I had been fermenting stuff for years without even thinking about it. Until fermented food being “good for the gut” became a fad, I didn’t think about what bacteria went into my homemade curd or idli and dosa batter. They were just comfort foods eaten in my family for generations and they made me happy.
When people asked if I used an “heirloom starter” to set my curd, I was amused. It could be heirloom, but it certainly was not mine. My starter bacteria had evolved over the years, maybe over generations, with contributions from various friends, relatives and neighbours. My starter of mixed and forgotten origin had even travelled to the US with an aunt who said that yoghurt was no substitute tangy Indian curd. She carried my starter in a tightly sealed bottle hidden deep inside her suitcase to avoid the eagle eye of US customs officials who could toss it out because it contained bacteria.
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Over generations, we traditional home fermenters have found our own solutions to creating the perfect ferment—wrapping batter in a warm shawl overnight during winters or leaving the curd to set in a preheated microwave. We’ve replaced the traditional toddy used for fermenting the Kerala appam with yeast or sugared coconut water. Coaxing the fermentation process along requires creativity and patience, which keeps your mind ticking as a home cook. But all these homegrown fermenting processes are slowly fading into oblivion as busy homemakers switch to easily available packaged commercial batter and flavoured yogurts. Unlike home ferments, these industrially manufactured products are made with very specific bacteria under controlled conditions. They often have added, non-natural preservatives to extend their shelf life. It’s rare to find a commercially made curd or yogurt that can become a starter for your own curd.
Things have changed quite rapidly in our fermenting world in the last couple of years. As people grappled with the pandemic, they began rethinking their ways of eating and switched to home-cooked foods. They were looking for foods without artificial preservatives, and had the time to experiment. Soon, new cooks were exchanging SCOBY (symbiotic culture of bacteria and yeast), the starter for kombucha, the mildly fermented tea. Sourdough bread is another fermented food that got an extra boost during the lockdowns when bread and even baker’s yeast disappeared from shelves. But making sourdough is not easy—the starter, which replaces the baker’s yeast, needs to be carefully mixed, fed and maintained. Making the perfect sourdough requires patience and practice.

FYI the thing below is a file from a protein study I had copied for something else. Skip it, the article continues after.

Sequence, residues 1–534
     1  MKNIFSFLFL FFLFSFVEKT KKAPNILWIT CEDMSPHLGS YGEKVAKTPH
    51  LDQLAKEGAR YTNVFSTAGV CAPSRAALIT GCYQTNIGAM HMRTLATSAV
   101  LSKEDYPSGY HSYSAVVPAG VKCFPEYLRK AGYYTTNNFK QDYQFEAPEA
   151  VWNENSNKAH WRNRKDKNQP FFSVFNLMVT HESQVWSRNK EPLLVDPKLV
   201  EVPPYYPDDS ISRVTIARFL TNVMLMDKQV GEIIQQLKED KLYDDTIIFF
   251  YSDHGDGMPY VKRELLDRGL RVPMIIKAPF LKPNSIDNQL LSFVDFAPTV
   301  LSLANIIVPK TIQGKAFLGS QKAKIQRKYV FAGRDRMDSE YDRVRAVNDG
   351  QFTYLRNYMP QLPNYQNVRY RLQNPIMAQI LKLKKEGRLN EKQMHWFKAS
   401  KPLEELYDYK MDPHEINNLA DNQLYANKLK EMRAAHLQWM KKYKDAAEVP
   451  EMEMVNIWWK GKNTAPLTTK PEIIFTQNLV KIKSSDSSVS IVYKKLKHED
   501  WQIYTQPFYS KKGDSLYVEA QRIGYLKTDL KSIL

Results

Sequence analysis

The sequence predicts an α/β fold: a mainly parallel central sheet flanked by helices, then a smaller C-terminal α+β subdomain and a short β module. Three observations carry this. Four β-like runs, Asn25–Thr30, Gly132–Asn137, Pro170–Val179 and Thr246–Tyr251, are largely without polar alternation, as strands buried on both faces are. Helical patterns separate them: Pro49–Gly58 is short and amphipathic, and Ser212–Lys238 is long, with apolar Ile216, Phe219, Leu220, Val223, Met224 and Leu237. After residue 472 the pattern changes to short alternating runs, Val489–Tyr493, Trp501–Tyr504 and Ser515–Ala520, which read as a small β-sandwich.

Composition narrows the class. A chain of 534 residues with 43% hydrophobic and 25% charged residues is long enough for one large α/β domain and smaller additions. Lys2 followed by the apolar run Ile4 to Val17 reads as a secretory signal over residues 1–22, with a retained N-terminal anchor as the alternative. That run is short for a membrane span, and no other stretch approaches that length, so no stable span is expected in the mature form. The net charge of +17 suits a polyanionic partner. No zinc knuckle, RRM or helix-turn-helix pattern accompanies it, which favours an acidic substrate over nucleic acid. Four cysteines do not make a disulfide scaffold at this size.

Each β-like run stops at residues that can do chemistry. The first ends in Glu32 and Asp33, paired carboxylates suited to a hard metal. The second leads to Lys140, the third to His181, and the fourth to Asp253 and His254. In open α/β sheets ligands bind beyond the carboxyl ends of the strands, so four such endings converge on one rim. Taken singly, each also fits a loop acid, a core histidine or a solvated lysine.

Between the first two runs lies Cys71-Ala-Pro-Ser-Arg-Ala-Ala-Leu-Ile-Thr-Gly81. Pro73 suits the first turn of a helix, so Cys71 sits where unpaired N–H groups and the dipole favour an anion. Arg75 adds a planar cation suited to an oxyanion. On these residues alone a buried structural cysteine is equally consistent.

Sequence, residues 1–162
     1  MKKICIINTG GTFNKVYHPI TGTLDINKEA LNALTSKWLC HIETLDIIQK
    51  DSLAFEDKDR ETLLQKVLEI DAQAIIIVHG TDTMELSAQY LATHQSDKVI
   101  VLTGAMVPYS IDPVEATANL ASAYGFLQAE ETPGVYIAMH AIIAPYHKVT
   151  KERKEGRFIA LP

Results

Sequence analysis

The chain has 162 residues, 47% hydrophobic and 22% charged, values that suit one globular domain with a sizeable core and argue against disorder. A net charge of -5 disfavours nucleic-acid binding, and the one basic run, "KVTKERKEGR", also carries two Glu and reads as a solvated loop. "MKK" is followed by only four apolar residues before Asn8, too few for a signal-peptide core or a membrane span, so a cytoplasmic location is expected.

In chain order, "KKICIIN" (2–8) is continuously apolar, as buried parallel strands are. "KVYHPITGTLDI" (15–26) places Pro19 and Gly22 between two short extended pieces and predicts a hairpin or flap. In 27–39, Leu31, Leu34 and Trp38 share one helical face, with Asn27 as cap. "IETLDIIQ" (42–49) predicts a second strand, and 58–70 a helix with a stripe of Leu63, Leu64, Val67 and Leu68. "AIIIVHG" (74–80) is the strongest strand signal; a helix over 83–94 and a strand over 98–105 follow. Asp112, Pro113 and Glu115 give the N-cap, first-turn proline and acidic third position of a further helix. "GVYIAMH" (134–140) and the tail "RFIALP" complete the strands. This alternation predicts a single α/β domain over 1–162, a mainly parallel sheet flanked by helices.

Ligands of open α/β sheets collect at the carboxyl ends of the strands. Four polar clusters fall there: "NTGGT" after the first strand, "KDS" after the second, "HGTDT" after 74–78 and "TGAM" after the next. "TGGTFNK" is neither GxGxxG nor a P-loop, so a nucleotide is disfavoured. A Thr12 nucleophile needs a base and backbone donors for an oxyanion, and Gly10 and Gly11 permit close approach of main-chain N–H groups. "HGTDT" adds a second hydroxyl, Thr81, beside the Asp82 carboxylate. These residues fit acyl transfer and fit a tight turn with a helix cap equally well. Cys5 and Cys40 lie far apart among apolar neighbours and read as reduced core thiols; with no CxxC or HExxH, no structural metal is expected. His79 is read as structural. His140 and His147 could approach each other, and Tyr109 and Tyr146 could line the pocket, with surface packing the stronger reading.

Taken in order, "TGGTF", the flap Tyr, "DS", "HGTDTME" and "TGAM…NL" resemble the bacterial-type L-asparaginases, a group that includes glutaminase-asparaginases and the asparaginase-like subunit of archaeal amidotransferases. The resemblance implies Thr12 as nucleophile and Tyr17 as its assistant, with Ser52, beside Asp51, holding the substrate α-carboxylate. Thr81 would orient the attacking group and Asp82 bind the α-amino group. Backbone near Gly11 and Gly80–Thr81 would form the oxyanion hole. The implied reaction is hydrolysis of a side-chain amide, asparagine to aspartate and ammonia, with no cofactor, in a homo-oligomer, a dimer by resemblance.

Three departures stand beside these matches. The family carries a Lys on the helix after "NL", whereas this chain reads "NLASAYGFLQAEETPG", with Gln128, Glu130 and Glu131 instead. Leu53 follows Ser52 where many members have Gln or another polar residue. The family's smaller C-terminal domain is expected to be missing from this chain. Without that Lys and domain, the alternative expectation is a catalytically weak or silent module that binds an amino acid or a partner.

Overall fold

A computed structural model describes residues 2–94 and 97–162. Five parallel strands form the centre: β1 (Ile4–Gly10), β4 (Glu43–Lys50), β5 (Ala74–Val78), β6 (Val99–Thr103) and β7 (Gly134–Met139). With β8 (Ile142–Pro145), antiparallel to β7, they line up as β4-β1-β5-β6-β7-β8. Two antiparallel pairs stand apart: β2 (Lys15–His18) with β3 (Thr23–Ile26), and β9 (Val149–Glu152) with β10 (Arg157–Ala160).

All this has been followed by a spike in demand for companies that have been making fermented foods. Bengaluru-based Local Ferment Co, for instance, has positioned itself as a brewery and kitchen that focuses on all things fermented. Founded in 2019 by Akash Devaraju, the company sells kombucha, shrub soda, ginger beer and other drinks that use locally sourced fruits, spices and herbs. They can also be used as mixers in cocktails to replace highly sugared, carbonated and unhealthy drinks that are often full of chemicals and preservatives. The biggest clients for these kinds of products tend to be in the 25 to 50 age group, people who have learnt to appreciate different kinds of foods yet want to eat and live healthy.
Once upon a time, it was Bengaluru’s darshinis that brought South Indian cuisine out of home kitchens and gave a new life to feremented ‘tiffins’ like idli, dosa, curd vada and bakala baath (curd rice). Now, Bengaluru has cafes and breweries dedicated to fermented foods that blend the flavours of east and west to cater to all palates.
So, what happens to home fermenters; will the natural starters used by individuals become a thing of the past? Or like long-forgotten heritage rice and millets, which are now being revived, will they too find their way back as the new generations search for healthier food options? Most of the starters that are being so aggressively branded can actually be found in your own kitchen, or sourced with a little help from family and friends. As for me, I’ll wait for that moment of revival when my starters gain true “heirloom status”.
Gita Aravamudan is a senior independent journalist based in Bengaluru.
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